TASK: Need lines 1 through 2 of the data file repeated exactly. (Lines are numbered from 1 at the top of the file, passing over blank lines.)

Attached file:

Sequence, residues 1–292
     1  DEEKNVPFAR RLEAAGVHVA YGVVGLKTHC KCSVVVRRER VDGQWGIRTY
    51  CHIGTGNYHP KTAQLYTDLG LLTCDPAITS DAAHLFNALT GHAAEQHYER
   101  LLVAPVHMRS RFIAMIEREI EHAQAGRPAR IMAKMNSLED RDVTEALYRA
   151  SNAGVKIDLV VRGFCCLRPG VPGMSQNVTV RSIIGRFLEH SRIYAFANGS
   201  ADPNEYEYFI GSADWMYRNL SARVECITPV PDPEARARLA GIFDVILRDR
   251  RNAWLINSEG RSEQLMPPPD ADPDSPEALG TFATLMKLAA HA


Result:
Sequence, residues 1–292
     1  DEEKNVPFAR RLEAAGVHVA YGVVGLKTHC KCSVVVRRER VDGQWGIRTY